DETECTING SHOCK WAVES IN COSMOLOGICAL SMOOTHED PARTICLE HYDRODYNAMICS SIMULATIONS

C. PFROMMER1,2 , V. SPRINGEL2 , T.A. ENSSLIN2 , M. JUBELGAS2 1) Canadian Institute for Theoretical Astrophysics 2) Max-Planck Institut f¨r Astrophysik u
Shock waves during cosmological structure formation not only play a decisive role for the thermalization of gas in virializing structures but also for the acceleration of relativistic cosmic rays through diffusive shock acceleration. We present a novel formalism of identifying and measuring the shock strength on the fly in smoothed particle hydrodynamics simulations. Our formalism is applicable both to non-relativistic thermal gas, and to plasmas composed of cosmic rays and thermal gas. We apply our methods to study the properties of structure formation shocks in high-resolution hydrodynamic simulations of the Lambda cold dark matter model. We find that most of the energy is dissipated in weak shocks internal to galaxy clusters with low Mach numbers. Collapsed cosmological structures are surrounded by external shocks with higher Mach numbers up to 1000, but they play only a minor role in the energy balance of thermalization. This finding has important consequences for our understanding of the spatial distribution of relativistic particles in the cosmic large-scale structure, since it suggests that the ratio of the energy density of the cosmic ray proton population to the thermal gas within galaxy clusters increases with the cluster radius. Such an increase is required to explain the huge extended radio synchrotron halos of galaxy clusters by the injection of relativistic electrons through hadronic interactions of the cosmic ray protons with the ambient gas.

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Motivation

Cosmological shock waves form abundantly in the course of structure formation, both due to infalling cosmic plasma which accretes onto filaments, sheets and halos, as well as due to supersonic flows associated with merging substructures. Additionally, shock waves in the interstellar and intracluster media can be powered by non-gravitational energy sources, e.g. as a result of supernova explosions. Cosmologically, shocks are important in several respects and connected to the following interesting questions. (1) Shock waves dissipate gravitational energy associated with hierarchical clustering into thermal energy of the gas contained in dark matter halos, thus supplying the intrahalo medium with entropy and thermal pressure support: where and when is the gas heated to its present temperatures, and which shocks are mainly responsible for it? (2) Shocks also occur around moderately overdense filaments, heating the intragalactic medium. Sheets and filaments are predicted to host a warm-hot intergalactic medium with temperatures in the range 105 K < T < 107 K whose evolution is primarily driven by shock heating from gravitational perturbations developing into mildly nonlinear, non-equilibrium structures. Thus, the shockdissipated energy traces the large scale structure and contains information about its dynamical history. (3) Besides thermalization, collisionless shocks are also able to accelerate ions through diffusive shock acceleration. These energetic ions are reflected at magnetic irregularities through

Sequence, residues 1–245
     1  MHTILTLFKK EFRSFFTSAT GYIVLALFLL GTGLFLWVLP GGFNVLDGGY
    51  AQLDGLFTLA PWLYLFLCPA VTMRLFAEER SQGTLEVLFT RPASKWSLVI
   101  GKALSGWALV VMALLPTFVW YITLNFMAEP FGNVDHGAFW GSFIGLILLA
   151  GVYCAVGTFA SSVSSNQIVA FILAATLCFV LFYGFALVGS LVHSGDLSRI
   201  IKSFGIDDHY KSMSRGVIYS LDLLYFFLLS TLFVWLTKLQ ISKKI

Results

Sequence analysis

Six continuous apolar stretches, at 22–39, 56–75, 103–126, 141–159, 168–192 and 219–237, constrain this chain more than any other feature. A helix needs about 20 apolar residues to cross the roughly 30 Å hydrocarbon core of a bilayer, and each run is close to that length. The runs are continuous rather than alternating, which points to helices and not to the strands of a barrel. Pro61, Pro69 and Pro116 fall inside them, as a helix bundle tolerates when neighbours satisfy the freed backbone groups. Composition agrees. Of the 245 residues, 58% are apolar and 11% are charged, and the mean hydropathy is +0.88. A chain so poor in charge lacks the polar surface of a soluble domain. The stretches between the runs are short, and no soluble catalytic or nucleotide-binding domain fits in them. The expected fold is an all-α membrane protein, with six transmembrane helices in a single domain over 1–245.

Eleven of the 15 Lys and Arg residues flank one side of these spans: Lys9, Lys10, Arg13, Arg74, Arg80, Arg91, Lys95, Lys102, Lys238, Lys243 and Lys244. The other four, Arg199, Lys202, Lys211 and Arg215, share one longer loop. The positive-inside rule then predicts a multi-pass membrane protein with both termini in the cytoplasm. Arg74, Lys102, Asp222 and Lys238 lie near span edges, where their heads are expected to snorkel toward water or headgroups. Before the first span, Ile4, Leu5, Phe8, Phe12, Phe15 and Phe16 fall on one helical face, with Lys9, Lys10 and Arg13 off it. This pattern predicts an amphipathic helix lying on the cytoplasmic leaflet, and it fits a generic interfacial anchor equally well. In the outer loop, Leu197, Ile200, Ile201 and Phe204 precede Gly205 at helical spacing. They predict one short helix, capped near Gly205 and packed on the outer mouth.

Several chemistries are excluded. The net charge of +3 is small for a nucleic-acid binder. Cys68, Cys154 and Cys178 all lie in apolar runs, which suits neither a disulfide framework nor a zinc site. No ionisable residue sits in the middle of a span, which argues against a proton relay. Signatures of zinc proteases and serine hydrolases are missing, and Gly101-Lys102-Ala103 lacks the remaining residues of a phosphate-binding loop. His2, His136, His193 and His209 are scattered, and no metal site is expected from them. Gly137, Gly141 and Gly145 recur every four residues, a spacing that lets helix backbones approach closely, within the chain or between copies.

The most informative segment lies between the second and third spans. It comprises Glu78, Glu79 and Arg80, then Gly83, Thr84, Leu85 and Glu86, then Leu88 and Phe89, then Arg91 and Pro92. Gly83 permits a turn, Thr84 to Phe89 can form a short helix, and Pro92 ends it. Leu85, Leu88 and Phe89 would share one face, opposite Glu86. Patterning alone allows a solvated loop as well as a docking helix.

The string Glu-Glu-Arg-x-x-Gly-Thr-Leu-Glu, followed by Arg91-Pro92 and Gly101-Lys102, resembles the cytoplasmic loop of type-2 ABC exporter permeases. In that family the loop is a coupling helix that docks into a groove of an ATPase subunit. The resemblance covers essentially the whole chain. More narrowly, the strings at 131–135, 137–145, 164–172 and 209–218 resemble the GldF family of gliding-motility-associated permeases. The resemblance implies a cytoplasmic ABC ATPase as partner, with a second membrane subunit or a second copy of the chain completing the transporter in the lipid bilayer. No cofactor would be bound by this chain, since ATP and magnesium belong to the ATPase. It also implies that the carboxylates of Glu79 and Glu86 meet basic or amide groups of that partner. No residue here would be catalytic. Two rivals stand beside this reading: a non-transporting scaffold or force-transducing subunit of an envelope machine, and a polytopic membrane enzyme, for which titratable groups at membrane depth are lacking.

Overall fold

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Figure 1: Visualization of a non-radiative cosmological simulation at redshift z = 0 where the cosmic ray (CR) energy injection was only computed while the effect of the CR pressure on the dynamical evolution was not taken into account. The top panels show the overdensity of the gas and the mass weighted temperature of the simulation. The bottom panels show a visualization of the strength of structure formation shocks. The color hue of the map on the left-hand side encodes the spatial Mach number distribution weighted by the rate of energy dissipation at the shocks. The map on the right-hand side shows the Mach number distribution weighted by the rate of CR energy injection above the momentum threshold of hadronic CRp-p interactions. The brightness of each pixel is determined by the respective weights, i.e. by the energy production density. Most of the energy is dissipated in weak shocks which are situated in the internal regions of groups or clusters, while collapsed cosmological structures are surrounded by strong external shocks (shown in blue). Since strong shocks are more efficient in accelerating CRs, the CR injection rate is more extended than the dissipation rate of thermal energy.

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magnetic resonances between the gyro-motion and waves in the magnetized plasma and are able to gain energy in moving back and forth through the shock front: what are the cosmological implications of such a CR component, and does this influence the cosmic thermal history? (4) Simulating realistic CR distributions within galaxy clusters will provide detailed predictions for the expected radio synchrotron and γ-ray emission. What are the observational signatures of this radiation that is predicted to be observed with the upcoming new generation of γ-ray instruments and radio telescopes? 2 Structure formation shock waves and cosmic rays